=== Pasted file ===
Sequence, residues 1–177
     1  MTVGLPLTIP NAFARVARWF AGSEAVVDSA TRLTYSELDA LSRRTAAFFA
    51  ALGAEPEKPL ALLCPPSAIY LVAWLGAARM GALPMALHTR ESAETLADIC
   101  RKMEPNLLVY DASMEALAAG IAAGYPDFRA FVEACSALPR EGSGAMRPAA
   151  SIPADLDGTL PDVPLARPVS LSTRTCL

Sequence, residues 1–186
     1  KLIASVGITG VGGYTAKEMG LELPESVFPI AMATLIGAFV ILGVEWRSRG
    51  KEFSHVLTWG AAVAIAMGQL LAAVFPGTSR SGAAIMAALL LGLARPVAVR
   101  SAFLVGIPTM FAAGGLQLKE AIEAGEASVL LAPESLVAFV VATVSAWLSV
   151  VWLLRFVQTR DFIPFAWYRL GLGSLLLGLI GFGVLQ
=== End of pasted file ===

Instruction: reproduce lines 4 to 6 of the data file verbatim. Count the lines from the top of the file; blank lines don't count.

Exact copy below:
   101  RKMEPNLLVY DASMEALAAG IAAGYPDFRA FVEACSALPR EGSGAMRPAA
   151  SIPADLDGTL PDVPLARPVS LSTRTCL

Sequence, residues 1–186